Monday, June 27, 2011

Dog Sense: How the New Science of Dog Behavior Can Make You a Better Friend to Your Dog, by John Bradshaw

Basic Books, ISBN 9780465023486, May 2011

It was the best of books, it was--not the worst of books, not by a long shot, but incredibly annoying in places.

This is a serious effort at collecting in one place the current state of the science of dog behavior. Bradshaw discusses the evidence we have for how and when dogs evolved from wolves,  as well as what dogs' close relationship to wolves does and doesn't mean for their behavior and needs in human households. For the last century or so, much training and dog management advice has been based on the idea that wolf packs are competitive, internally violent groups, dominated by the fiercest, most powerful male, or possibly the fiercest, most powerful male and female--the "alphas." Since, the reasoning goes, "dogs are wolves," dog owners need to establish themselves as "alpha" and dominate their dogs, lest the dogs seize control of the household and become problems and even threats.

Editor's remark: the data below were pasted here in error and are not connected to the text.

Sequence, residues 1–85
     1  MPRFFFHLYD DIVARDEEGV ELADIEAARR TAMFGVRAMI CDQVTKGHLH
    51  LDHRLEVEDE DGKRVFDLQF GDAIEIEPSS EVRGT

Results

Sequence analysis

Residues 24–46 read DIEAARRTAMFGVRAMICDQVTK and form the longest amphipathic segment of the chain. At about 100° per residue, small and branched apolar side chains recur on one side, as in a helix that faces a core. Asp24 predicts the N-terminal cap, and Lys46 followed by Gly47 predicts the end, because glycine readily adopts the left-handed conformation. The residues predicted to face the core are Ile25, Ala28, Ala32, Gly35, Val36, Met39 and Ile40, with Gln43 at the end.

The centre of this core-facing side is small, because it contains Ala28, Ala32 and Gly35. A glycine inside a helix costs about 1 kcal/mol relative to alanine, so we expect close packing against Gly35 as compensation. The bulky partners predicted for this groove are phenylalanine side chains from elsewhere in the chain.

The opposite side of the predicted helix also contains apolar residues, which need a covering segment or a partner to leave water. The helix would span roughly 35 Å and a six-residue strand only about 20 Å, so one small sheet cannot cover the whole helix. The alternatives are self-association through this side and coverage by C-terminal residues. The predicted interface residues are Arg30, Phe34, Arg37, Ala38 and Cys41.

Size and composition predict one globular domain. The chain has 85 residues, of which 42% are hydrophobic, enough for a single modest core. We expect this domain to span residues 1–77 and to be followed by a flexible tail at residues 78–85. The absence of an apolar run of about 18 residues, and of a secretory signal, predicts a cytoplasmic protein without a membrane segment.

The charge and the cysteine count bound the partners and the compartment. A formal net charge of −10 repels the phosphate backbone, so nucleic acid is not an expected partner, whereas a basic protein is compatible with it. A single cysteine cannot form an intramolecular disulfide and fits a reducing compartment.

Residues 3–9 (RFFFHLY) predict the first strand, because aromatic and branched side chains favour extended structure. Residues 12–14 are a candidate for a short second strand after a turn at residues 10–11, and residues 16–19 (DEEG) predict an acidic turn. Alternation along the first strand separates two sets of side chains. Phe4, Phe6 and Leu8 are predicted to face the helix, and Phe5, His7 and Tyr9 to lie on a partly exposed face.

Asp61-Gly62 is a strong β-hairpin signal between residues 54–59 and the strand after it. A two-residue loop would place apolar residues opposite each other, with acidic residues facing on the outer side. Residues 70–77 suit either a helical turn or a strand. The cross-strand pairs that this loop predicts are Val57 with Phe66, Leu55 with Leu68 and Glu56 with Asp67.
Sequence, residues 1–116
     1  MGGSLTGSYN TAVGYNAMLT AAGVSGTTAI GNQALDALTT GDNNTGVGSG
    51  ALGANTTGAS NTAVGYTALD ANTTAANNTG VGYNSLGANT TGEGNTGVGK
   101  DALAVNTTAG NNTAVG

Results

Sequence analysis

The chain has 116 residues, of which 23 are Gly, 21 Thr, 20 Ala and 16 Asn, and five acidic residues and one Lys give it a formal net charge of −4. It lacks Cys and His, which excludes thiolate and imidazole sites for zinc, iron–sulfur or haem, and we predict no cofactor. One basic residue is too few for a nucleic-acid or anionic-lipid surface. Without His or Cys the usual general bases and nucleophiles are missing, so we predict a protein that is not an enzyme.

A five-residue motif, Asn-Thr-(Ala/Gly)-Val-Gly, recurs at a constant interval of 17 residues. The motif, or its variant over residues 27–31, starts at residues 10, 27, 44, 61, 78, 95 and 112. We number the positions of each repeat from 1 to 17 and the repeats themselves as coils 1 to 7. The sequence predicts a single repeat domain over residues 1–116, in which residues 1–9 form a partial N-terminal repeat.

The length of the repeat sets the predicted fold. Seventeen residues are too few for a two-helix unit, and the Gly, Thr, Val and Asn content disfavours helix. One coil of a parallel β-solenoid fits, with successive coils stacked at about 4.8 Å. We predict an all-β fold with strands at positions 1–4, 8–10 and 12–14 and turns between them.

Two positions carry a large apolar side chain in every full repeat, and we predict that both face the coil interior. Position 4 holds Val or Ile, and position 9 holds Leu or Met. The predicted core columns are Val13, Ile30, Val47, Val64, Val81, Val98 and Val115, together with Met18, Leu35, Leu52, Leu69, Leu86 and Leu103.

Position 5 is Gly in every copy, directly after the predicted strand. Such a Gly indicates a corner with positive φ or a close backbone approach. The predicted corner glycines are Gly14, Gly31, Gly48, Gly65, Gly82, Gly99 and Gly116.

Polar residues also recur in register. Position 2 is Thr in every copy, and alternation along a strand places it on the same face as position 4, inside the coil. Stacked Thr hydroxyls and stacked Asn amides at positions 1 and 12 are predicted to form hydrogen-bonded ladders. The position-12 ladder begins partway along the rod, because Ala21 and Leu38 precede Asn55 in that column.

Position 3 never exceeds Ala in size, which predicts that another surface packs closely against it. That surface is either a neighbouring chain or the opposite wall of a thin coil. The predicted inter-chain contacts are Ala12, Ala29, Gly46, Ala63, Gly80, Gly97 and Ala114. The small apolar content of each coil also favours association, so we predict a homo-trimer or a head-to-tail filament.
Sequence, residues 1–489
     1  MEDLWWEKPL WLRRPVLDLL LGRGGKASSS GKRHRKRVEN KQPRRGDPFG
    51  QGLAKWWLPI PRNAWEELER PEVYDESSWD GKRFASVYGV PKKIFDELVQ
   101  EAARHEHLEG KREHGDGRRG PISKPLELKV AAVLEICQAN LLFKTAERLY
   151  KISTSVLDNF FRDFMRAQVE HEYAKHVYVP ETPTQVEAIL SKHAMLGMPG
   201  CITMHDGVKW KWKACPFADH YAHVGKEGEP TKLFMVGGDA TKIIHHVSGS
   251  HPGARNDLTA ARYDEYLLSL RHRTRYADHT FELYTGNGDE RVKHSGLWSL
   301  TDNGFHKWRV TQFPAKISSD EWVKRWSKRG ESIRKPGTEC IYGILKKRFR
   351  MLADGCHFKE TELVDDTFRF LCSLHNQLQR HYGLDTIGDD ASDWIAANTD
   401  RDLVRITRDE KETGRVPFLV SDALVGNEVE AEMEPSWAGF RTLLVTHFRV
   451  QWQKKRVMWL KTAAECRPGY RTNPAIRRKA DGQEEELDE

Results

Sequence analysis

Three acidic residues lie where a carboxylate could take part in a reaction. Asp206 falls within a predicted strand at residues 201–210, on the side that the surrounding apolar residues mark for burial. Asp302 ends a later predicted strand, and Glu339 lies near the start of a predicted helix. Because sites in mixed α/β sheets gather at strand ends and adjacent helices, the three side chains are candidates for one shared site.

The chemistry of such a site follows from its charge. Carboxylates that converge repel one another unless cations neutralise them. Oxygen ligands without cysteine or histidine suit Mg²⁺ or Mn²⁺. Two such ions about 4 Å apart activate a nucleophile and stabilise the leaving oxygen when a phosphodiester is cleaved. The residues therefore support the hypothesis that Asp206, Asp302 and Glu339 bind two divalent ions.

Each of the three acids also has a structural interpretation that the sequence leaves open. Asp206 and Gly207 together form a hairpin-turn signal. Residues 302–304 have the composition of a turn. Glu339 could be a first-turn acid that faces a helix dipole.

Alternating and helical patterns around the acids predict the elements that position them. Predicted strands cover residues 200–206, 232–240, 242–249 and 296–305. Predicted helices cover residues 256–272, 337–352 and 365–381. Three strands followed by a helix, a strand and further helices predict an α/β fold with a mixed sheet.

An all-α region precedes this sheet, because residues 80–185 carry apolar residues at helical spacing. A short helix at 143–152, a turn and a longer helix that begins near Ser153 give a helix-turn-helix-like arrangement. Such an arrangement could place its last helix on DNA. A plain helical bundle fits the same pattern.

Bradshaw explains in clear and understandable terms why every piece of this argument is wrong.

The studies that showed wolf packs as violent groupings dominated by the strongest were done with artificial, captive wolf packs--wolves who were not related to each other and had no way to leave the group if they weren't happy with. They had no choice but to work out Who's In Charge Here, by any means necessary. Natural wolf packs in the wild have since been studied extensively, and they are, in contrast, peaceful, mostly harmonious family groups. The "alpha pair" are in fact the parents of the younger wolves. Depending on local conditions, offspring from past litters may stick around for a year or three, helping to raise their younger siblings before eventually heading off to find mates and start their own packs. Where plentiful large game is available, a stable, long-lasting pack may include not only several years' worth of offspring, but siblings of one or both of the mated pair--aunts and uncles helping to hunt large game and feed and care for the pups.